I teach English for Speakers of Other Languages (ESOL) at Argyle Middle School, which is five miles away from the house I grew up in and in the same school district that I attended 13 years ago, Montgomery County (Md.) Public Schools (MCPS). In the six years that I have been at Argyle, I have seen many-a national headline and attended many-a professional development session about the opportunity gap that persists in the United States and in MCPS, even though it is often touted as one of the top school districts in the country.

During the current global health crisis, that opportunity gap has been exacerbated by inequitable access to meaningful learning. MCPS swiftly constructed processes to put devices — most, if not all, of which already existed in classrooms — in the homes of any of the 166,000+ students in need, even as other school districts scrambled to procure devices for the first time or came to terms with the financial restrictions that would not allow them to provide for their students. MCPS’s diligence appears to have paid off and continues to evolve as the district moves from ensuring that every student has a device to ensuring that students are using those devices and receiving the outreach they need in order to engage with distance learning efforts.

While much conversation has been focused on getting devices into students’ hands, it bears repeating that the opportunity gap was never rooted in the challenges of becoming “one-to-one.” If it were that easy, the students at Argyle who have daily access to iPads and 30 gigs of data would all be reading on grade level, and I could happily retire my ESOL teaching career right now, at the age of 30. Connectivity may be the first step, but the dearth of relevant and standards-aligned content making its way into homes is evidence that there is still much to be done to get all students on track for high performance beyond the K-12 sphere.

I subscribe to the notion that the opportunity gap was made by us (educators) and can be closed by us (educators). That different educators may have opened it from the ones who now maintain it is irrelevant. Educators chose to become a part of the system that is known for either imploding or upholding the so-called “American Dream,” and we thus chose to inherit the legacy that comes with it.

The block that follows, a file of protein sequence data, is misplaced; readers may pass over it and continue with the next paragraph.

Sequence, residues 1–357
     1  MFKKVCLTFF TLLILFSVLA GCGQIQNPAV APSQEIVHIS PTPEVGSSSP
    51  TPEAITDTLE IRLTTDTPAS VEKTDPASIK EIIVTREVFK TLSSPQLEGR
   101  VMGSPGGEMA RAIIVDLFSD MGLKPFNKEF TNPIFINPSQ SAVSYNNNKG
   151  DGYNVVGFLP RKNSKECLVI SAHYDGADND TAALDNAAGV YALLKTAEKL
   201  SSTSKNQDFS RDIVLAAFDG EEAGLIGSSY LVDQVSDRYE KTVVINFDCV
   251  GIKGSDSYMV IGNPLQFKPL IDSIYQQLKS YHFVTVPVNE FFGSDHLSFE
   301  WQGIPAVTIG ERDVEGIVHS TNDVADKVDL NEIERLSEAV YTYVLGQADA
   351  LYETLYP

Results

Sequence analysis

So, I teach at Argyle because I am adamant that a White, middle-class, heteronormative, cisgender, Christian, English-language-dominant, American-national upbringing is not the only way to experience academic success that can expand college and career opportunities for every single individual child, despite what data shows.

That privilege resonates as my colleagues and I forge ahead in our paid full-time work of a part-time nature while many of our students come from households where the breadwinners — the immigration statuses of whom you could guess since their children receive ESOL services and fit into national trends accordingly — must operate in a shadow economy that is equal parts essential and undervalued in the best of times. Now more than ever, that pyramid of “Maslow’s Hierarchy of Needs” from that one teacher certification course in college burns bright in my mind as my most pressing concern day-to-day is being lonely, while repeated interaction with students’ families reveals that they are hungry. I can only hope that the medical care for uninsured kids, which the Montgomery County government provides, is sufficient for any health concerns that arise with students. But I already know from my work with families before the pandemic that it won’t be.

While all this goes on, I am desperately staring down the idea that if the school that I teach in, which is full of dedicated administrators and educators like myself, with all of its access to resources that other districts in the nation can only dream of, cannot close the opportunity gap, then no one can. And I’m not willing to believe that.

Instead, I am quite taken with the 12-year-olds I spend my days with, whose demographics you could, again, correctly predict based on national trends, but that I’m not personally inclined to parade. Some of them have some aspects of the privilege I grew up with, but none have all. I am obsessed with creating a reality where their assets are not maligned by the oppressive deficit-thinking that permeates this nation’s concept of multilingual learners and that often relegates such beautiful, talented, skillful children to dark places with either demoralizing, spiteful rhetoric or good intentions. The narrative of multilingualism follows one trajectory for someone with my privilege (“Wow! You speak a language other than English? That’s amazing!”) and all too often another trajectory for my students (“Maybe if you stop speaking other languages at home, your English would be better”). I stubbornly think I can play a part in disrupting that narrative.

And whenever I encounter the frustrations and barriers that come with disrupting deeply held norms that favor autonomy and prejudice over collectivity and meaningful results, I find myself asking, “If not me and my colleagues at this school in this district, then who? And where?”

With that mindset, it’s sort of hard not to teach at Argyle.